Dems weigh ditching Medicare expansion and paid leave in 11th hour of social spending talks

Senior Democratic aides said that discussions about Medicare and paid time were still ongoing as negotiations continued over the weekend. White House and Senate leadership aides denied that the provisions were being withdrawn. Andrew Bates, spokesperson for the White House, stated that both sides are false.
These two central components of the bill are at risk as Democrats push for a framework to expand social spending. Both Speaker Nancy Pelosi, and Senate Majority Leader Chuck Schumer said they wanted a deal by this week's end. However, Manchin and the White House are still not able to agree on a number that will be the bill's topline. Manchin has repeatedly stated his support for $1.5 trillion.

Paid leave and Medicare extension may not be included in a package that meets Manchin's preferred price.

The party originally proposed scaling back its priority on the health care front. This included temporary expansions of Medicaid, Medicare benefits, and Obamacare subsidies. However, centrists in both the House and Senate made it difficult to cut more than $1 trillion from this package.

Due to their $350 million price tag, and the wave of opposition from the health care sector, the proposed new Medicare benefits were always vulnerable. Private insurance companies and dentists are among those lobbying against Sanders-backed expansion. Their profits would be reduced if more seniors were enrolled in traditional Medicare, and they didn't need to purchase supplemental private plans that covered their hearing aids, glasses, and dentures.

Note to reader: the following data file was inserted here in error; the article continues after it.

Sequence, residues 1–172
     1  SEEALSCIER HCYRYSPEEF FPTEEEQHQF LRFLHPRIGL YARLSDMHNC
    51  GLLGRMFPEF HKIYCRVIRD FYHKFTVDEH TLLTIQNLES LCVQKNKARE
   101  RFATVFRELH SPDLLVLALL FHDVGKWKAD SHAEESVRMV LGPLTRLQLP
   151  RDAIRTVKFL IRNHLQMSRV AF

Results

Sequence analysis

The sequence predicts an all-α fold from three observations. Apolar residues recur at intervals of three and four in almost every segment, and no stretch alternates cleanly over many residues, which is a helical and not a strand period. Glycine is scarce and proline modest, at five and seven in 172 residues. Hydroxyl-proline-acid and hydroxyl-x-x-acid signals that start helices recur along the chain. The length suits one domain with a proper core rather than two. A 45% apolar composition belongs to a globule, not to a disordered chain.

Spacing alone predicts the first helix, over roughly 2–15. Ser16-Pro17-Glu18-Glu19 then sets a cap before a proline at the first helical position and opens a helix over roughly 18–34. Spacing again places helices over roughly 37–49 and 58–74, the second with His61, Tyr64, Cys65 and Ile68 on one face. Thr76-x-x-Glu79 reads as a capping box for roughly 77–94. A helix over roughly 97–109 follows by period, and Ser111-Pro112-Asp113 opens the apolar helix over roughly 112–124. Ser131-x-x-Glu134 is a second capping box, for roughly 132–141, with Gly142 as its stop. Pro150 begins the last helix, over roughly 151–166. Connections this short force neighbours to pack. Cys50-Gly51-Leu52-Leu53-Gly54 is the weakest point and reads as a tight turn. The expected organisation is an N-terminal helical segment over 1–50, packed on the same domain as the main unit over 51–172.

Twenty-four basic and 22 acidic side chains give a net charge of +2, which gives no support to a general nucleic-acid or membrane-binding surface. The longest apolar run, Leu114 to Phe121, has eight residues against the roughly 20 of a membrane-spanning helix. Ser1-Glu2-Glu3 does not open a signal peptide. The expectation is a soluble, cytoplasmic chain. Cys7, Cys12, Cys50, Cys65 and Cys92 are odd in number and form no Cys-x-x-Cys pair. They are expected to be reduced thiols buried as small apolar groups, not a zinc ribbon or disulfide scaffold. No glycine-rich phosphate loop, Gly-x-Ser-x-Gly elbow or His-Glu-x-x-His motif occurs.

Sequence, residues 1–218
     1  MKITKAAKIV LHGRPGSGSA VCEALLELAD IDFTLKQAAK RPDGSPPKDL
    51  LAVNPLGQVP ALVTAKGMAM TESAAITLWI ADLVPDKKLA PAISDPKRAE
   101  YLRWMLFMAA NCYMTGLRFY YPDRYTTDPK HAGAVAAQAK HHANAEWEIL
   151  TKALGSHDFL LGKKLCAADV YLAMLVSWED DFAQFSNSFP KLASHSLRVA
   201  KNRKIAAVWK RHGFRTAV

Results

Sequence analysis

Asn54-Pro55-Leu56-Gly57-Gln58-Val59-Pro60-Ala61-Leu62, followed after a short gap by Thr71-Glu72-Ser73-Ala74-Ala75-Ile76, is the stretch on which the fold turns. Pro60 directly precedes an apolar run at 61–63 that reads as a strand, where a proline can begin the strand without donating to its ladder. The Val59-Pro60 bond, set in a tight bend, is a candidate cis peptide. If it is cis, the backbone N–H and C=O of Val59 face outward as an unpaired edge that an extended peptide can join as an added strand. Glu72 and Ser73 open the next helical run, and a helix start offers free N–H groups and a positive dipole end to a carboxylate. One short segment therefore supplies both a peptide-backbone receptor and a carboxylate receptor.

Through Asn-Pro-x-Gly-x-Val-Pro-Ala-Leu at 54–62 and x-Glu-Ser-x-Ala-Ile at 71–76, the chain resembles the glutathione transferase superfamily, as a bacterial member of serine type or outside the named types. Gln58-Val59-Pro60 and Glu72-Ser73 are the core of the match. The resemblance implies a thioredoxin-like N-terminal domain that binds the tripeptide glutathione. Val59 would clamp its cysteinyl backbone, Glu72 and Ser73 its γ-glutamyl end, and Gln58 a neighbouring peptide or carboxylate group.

Many Democrats saw Medicare benefits as a threat in the effort to expand Medicaid to millions more low-income individuals in conservative states. This was because the two provisions were competing to receive the same amount of money.

Biden has been pitching lawmakers to convert the dental benefit, which is the most costly and logistically difficult of the three Medicare expansions, into an $800 per year voucher for care. Although progressives have been opposed to conservative efforts to transform Medicare into a voucher program for many decades, they were skeptical of the idea. However, they acknowledged that it could help seniors get assistance sooner given that the House legislation did not roll out the dental benefit until 2028.

Some lawmakers suggested that dental care should be abandoned and that attention should be given to vision and hearing. Others advocated for just a few more years, believing that these benefits would prove so popular that Congress would have to continue them.

Even those reduced versions are not enough to win the support of centrists in the Senate. This supports projections that the whole Medicare-expansion plank might be scrapped.

Sanders insists to POLITICO that the benefits are not coming.

He said that the expansion of Medicare to include vision, hearing, and dental care is the most important and popular provision in the bill. It's what the American people want.